In both, Oliver shows up to live with them for six weeks and he gets to experience Italy while helping Elio’s dad with work. Oliver himself if a professor of some sort (24 seems young to be a professor…). Elio starts to have a crush very soon and obsesses over Oliver before finally telling Oliver how he feels in kind of a roundabout way. They kiss, but Oliver says they can’t go any further. However, amidst Elio getting with a girl he had been friends with, Marzia, he and Oliver then sleep together one night. In the morning, Elio feels disgust with himself but then they sleep together again and after this there is no more of the self-loathing.

This aspect too felt very real. Elio wonders if he feels this way because Oliver is a man but I think this is something many people experience for one reason or another after a sexual encounter. I have felt it before, and I know people I have talked to who felt this too. While it may have been caused by any sort of homophobia he had due to influence of the time or not is hard to say.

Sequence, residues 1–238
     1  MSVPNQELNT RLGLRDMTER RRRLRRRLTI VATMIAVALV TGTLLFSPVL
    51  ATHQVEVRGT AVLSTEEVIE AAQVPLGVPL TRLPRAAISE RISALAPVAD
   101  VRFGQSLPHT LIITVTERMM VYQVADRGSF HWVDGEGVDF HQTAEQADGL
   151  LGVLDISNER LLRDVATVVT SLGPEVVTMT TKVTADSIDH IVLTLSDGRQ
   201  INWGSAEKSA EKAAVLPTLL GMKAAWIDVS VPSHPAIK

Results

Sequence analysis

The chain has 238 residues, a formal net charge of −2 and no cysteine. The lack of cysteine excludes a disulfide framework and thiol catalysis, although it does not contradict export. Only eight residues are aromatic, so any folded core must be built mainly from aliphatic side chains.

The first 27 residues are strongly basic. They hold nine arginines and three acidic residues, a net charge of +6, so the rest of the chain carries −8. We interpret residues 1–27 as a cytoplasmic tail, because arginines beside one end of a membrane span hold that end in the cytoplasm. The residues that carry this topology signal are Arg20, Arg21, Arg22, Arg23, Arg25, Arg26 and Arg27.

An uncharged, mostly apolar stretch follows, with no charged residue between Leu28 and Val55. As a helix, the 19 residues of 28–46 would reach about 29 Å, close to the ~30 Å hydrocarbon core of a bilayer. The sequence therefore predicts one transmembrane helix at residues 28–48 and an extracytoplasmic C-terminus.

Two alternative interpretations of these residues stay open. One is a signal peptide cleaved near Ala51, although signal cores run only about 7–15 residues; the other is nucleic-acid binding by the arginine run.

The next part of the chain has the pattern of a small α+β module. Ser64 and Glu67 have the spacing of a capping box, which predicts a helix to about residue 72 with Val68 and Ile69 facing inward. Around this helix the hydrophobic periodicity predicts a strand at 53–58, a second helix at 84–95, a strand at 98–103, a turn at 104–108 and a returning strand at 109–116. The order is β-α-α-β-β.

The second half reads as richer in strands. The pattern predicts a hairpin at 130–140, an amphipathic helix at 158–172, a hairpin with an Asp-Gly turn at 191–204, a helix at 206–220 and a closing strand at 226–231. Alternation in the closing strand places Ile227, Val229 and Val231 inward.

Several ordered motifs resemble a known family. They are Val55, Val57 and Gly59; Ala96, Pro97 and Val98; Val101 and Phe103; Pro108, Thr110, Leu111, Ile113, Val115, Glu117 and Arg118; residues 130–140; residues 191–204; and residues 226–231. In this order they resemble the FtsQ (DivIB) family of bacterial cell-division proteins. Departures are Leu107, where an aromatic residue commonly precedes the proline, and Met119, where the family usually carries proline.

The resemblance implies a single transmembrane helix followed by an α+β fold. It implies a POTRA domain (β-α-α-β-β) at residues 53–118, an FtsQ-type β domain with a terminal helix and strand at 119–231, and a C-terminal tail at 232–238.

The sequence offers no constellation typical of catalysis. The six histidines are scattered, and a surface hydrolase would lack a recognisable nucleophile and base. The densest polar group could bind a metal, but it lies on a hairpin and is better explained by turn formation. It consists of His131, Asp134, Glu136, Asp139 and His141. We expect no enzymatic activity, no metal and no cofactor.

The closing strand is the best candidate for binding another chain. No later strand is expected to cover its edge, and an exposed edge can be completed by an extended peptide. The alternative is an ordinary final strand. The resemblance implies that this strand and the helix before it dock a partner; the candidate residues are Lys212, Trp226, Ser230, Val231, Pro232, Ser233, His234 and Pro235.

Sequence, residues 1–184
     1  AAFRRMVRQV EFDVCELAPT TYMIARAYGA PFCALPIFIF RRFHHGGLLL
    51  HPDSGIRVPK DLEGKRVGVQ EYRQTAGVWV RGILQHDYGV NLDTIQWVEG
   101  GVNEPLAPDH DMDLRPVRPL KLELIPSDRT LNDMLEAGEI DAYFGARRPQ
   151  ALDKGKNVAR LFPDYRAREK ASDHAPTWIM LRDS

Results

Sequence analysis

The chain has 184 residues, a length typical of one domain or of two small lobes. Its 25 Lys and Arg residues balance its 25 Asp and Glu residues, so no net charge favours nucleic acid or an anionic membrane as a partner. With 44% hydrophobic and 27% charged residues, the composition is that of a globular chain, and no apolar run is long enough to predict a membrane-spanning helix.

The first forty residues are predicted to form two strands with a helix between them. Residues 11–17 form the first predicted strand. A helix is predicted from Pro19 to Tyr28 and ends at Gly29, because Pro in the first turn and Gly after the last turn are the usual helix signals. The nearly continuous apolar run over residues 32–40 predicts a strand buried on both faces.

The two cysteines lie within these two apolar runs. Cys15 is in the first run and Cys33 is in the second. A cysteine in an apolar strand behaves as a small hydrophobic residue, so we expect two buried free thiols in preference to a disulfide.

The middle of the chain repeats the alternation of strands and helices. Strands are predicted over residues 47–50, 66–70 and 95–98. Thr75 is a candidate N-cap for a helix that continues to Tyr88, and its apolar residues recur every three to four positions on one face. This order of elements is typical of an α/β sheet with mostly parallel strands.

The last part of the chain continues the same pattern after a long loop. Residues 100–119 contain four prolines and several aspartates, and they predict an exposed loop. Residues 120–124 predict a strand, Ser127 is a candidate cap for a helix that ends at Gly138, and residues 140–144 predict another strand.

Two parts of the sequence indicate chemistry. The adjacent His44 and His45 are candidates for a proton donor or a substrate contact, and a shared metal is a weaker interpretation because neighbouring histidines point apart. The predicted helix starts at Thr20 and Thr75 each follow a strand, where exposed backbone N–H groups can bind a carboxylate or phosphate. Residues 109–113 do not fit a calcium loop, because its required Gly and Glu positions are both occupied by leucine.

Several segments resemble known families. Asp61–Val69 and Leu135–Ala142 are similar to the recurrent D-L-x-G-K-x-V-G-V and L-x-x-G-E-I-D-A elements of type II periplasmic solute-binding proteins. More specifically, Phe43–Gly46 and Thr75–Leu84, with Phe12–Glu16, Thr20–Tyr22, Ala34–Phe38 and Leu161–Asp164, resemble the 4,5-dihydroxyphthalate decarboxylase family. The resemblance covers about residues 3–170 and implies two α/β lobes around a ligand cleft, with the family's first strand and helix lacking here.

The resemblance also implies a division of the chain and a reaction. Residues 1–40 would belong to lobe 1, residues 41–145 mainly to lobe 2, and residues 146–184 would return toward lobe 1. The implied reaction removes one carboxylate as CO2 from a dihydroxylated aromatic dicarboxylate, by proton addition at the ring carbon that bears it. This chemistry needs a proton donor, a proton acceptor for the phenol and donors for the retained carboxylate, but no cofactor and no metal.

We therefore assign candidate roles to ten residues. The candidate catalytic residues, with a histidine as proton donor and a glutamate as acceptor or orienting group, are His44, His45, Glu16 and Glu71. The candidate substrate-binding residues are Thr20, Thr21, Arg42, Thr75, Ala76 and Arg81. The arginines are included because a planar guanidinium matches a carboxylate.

But later on, Oliver needs to go to another Italian town near the end of his stay, and Elio goes with him. The two spend a great weekend together, before Oliver gets on his train to go back home.

Elio

I found Elio to be much more likeable in the movie. That’s not to say I didn’t like book Elio but I simply didn’t feel attached to him for the majority of the book. His level of infatuation with Oliver seemed accurate  for his age, but it also caused me to be unable to relate to him oftentimes. In the movie, we see he has a crush on Oliver and there are many scenes that do come straight from the book. But not being in his head the whole time just helped it not be as overbearing as in the book.

Chalamat as Elio was just so likeable though. He comes across as a well-balanced, confident teen who is raised in a cultured environment by loving parents and clearly is living a privileged life. There were so many moments with him that felt so real like when he pretends to drop the book in order to wake up Oliver, the part when the door slams when he and Oliver are together and he silently freaks out, and the part when Oliver asks what he is doing and Elio says he is thinking, when Oliver asks what he is thinking about, Elio says its private. All of these little moments brought this character to life in the movie.